**2.1. Voronoi Integration**

**2.1.4. Advantages over Wannier Localization**

After we had developed the Voronoi integration approach to computing
molecu-lar electromagnetic moments, one of the first questions was if these moments are
suitable to predict vibrational spectra. To investigate this, we used a simulation
tra-jectory of liquid methanol to compute infrared and Raman spectra from molecular
electric moments based on either Wannier localization or Voronoi integration.^{MB23}
The results are presented in Figure 2.1.4.

**Figure 2.1.4.:**Comparison of predicted infrared(top panel) and Raman (bottom
panel)spectra of liquid methanol, using Wannier localization(dashed
lines)and Voronoi integration(solid lines)to compute the molecular
electric moments.^{MB23}

It can be seen that apart from minor differences in the intensities, both the infrared and the Raman spectrum are almost identically predicted by the two approaches.

The differences result from the fact that the Wannier localization enforces strictly neutral molecules(as Wannier centers bear integer charge), while the Voronoi integra-tion allows for a certain amount of charge transfer between the molecules. It can be concluded that molecular electromagnetic moments based on Voronoi integration are well suitable to predict bulk phase vibrational spectra.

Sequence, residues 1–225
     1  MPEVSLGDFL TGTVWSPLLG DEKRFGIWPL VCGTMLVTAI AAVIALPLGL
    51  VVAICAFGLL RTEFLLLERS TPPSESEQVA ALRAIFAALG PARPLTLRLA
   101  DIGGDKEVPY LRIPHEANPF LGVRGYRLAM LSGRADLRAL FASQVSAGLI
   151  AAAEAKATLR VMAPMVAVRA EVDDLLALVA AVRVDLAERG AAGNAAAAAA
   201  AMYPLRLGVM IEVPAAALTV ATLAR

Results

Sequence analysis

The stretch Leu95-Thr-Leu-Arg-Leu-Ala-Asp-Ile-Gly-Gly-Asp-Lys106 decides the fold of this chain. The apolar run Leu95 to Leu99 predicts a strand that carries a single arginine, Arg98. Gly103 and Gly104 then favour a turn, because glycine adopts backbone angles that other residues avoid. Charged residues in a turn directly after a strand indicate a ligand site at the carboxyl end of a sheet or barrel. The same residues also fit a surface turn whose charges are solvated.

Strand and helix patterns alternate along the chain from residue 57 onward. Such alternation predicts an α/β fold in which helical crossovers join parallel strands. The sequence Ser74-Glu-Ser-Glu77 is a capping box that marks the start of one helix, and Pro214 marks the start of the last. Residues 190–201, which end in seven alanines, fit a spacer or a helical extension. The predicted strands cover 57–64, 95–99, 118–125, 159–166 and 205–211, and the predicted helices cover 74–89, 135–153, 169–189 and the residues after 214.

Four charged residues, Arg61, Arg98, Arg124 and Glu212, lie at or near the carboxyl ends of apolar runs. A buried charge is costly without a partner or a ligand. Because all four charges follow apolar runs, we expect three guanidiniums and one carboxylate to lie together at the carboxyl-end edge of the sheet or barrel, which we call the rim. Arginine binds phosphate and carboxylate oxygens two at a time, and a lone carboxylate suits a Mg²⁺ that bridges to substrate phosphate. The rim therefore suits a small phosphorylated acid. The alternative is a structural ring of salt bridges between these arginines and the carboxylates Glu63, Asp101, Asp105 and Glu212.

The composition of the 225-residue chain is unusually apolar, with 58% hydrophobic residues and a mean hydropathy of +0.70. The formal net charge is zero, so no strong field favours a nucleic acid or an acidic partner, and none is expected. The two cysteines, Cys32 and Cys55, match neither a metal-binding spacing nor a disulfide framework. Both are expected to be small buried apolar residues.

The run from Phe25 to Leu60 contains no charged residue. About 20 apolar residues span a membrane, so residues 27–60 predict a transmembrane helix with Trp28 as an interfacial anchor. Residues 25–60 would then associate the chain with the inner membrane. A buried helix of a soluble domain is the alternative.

2.1. Voronoi Integration

**Timing and Convergence**

As described in Section 1.4, all known methods to perform a Wannier localization of a periodic system are iterative, which means that they converge towards the desired solution, but actually never reach the exact solution. Unfortunately, it can not even be guaranteed that the used algorithms always converge. In other words, it can happen that the localization procedure fails for a particular frame along a simulation, so that the electromagnetic moments are missing for that frame. Pre-dicting vibrational spectra relies on computing time-correlation functions, where a missing frame would be highly problematic.

**Figure 2.1.5.:**Logarithmic frame times for a standard BOMD simulation (black
curve)and a BOMD with Wannier localization(red curve)of a liquid
phase system with≈1000 atoms.

To give an example, consider Figure 2.1.5, where the frame times of a standard
BOMD simulation with CP2k^{212–214}(black curve)are compared to those with
addi-tional Wannier localization in each step(red curve). The system is in the liquid phase
and contains 936 atoms(cubic cell size≈20Angstrom). Please note the logarithmic
vertical axis. The average frame time of the standard BOMD is 47.9 s, while the
frame time with additional Wannier localization is 139.3 s on average. This means
that 65% of the total computer time are spent for the localization step, which is
certainly not satisfactory. Apart from that, the frame times are highly irregular
with Wannier localization. The reason is that CP2k uses the very efficient “crazy